Viewpoint - July 7, 2010

Guest opinion: Suit was a distraction for rail authority

by Quentin L. Kopp

Aristotle wrote that "the law is reason free from passion."

No doubt there was great passion behind a lawsuit brought against the agencies working to build the nation's first high-speed rail system in California. But as a Superior Court judge ruled this week in dismissing the case, it was supported by precious little reason — much less the law.

The case was an unnecessary distraction from the important work being done throughout the Peninsula to inform and engage local officials and the public in the process of examining the alternatives being considered for the project. That's unfortunate, because gathering community opinion and suggestions is vital to building the best system we can.

Three opponents of the high-speed train had other ideas. They attempted to use a longstanding agreement between Union Pacific railroad and Caltrain officials on the Peninsula to head off the project. To do so, however, required misreading the agreement, misreading the facts, and misreading the law.

It's not entirely surprising that project opponents would misinterpret the Trackage Rights Agreement between Union Pacific and the Peninsula Corridor Joint Powers Board. After all, they were never parties to it in the first place. And, that encapsulates the hubris of their lawyers who knew their allegedly "pro bono" effort was a sham.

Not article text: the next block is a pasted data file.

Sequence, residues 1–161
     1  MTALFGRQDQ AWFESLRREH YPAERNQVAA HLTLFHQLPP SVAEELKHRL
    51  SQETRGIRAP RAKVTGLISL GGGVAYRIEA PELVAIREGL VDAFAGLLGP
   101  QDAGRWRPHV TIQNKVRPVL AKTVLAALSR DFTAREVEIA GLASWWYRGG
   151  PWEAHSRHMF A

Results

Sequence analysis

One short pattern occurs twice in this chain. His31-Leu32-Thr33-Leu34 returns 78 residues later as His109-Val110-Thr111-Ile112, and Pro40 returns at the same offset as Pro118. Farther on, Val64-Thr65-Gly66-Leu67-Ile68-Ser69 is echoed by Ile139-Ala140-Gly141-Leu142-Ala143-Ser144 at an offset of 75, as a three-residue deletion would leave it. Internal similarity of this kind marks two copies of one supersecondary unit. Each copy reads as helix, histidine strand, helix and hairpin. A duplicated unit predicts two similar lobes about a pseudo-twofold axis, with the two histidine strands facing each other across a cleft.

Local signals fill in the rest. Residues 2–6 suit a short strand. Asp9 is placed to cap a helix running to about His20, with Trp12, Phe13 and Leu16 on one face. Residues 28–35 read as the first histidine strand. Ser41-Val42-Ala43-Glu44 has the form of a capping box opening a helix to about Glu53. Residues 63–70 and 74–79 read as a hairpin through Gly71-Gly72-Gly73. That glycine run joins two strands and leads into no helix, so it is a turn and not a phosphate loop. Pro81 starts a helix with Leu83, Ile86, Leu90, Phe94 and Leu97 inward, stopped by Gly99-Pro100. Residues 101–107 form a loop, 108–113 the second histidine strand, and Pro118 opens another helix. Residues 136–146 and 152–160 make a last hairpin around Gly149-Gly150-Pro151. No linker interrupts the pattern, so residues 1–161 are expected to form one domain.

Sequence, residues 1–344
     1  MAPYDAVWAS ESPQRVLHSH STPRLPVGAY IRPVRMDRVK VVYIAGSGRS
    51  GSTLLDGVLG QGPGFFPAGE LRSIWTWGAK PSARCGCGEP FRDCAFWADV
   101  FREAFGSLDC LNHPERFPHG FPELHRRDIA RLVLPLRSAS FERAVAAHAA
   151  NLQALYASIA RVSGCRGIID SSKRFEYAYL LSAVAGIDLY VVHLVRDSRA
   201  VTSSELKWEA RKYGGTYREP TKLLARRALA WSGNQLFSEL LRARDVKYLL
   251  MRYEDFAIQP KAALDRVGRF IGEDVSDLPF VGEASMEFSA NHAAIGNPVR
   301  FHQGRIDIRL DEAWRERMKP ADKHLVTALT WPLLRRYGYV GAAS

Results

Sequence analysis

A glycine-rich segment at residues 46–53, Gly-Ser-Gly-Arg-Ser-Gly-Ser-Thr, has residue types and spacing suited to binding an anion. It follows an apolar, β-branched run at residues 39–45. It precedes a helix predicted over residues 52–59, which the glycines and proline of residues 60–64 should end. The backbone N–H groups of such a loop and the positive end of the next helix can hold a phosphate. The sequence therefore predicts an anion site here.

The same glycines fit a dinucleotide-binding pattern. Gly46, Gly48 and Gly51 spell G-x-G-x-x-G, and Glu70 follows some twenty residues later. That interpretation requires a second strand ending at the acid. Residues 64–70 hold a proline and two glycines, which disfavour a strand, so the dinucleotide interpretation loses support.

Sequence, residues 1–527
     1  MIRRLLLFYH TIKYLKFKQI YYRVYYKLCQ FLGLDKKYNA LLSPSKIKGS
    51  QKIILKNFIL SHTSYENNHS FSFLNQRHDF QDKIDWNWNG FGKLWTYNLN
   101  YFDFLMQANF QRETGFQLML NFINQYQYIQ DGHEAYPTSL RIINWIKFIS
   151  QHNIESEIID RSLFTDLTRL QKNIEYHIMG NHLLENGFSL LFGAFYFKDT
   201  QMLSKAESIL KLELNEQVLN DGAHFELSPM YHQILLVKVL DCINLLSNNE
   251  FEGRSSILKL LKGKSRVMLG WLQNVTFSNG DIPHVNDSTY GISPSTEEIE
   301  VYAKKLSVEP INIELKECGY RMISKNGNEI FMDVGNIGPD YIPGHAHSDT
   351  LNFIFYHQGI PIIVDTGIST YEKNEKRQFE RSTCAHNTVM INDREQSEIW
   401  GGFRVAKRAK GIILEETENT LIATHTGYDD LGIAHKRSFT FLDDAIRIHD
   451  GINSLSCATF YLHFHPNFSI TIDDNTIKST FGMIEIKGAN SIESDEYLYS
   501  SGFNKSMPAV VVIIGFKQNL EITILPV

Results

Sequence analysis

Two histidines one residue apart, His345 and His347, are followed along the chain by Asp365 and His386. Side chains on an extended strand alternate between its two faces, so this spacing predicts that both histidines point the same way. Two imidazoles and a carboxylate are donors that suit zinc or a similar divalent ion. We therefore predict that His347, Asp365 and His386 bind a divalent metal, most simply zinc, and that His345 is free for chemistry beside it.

It's as if, after your next-door neighbor and you negotiate a pact about how you'll share in the use and upkeep of a fence between your properties, a third neighbor from down the street raises an objection. It's not his fence, or his property, or even his agreement. And from a legal perspective, his complaints are irrelevant.

In an attempt to ignore this rather large legal elephant in the room, opponents claimed that the expenditure of public funds on the project would be a waste, because Union Pacific would not agree to share the right-of-way through the Peninsula with high-speed trains.

Here, the facts got in the way. Union Pacific has not refused to work with Caltrain or the California High-Speed Rail Authority.

Are there issues to be resolved as all sides work together to complete the project? Yes. But to suggest that cooperation cannot or will not occur is fanciful, contradicted by the both Union Pacific's public statements and the terms of the Trackage Rights Agreement itself, which dictates good-faith negotiations.

As a legal matter, this dispute is over. That's a welcome development for most Californians, who support high-speed rail as a way to create thousands of good-paying jobs, reduce air pollution, and provide us with a cheaper, faster and more convenient way to travel.

It's certainly good news for taxpayers, who will be spared the expense a protracted legal battle would have taken in even more time and money, for the California High-Speed Rail Authority and Caltrain, its regional partner in the project, as well as the court itself.

And while dismissal of this suit won't quiet the temper of those who oppose the project, for personal — not civic — reasons, this week's ruling will encourage them to join the discussion about how, and in what manner, to make high-speed rail work for the good of all, before heading to court again for another waste of taxpayer money to defeat another frivolous lawsuit.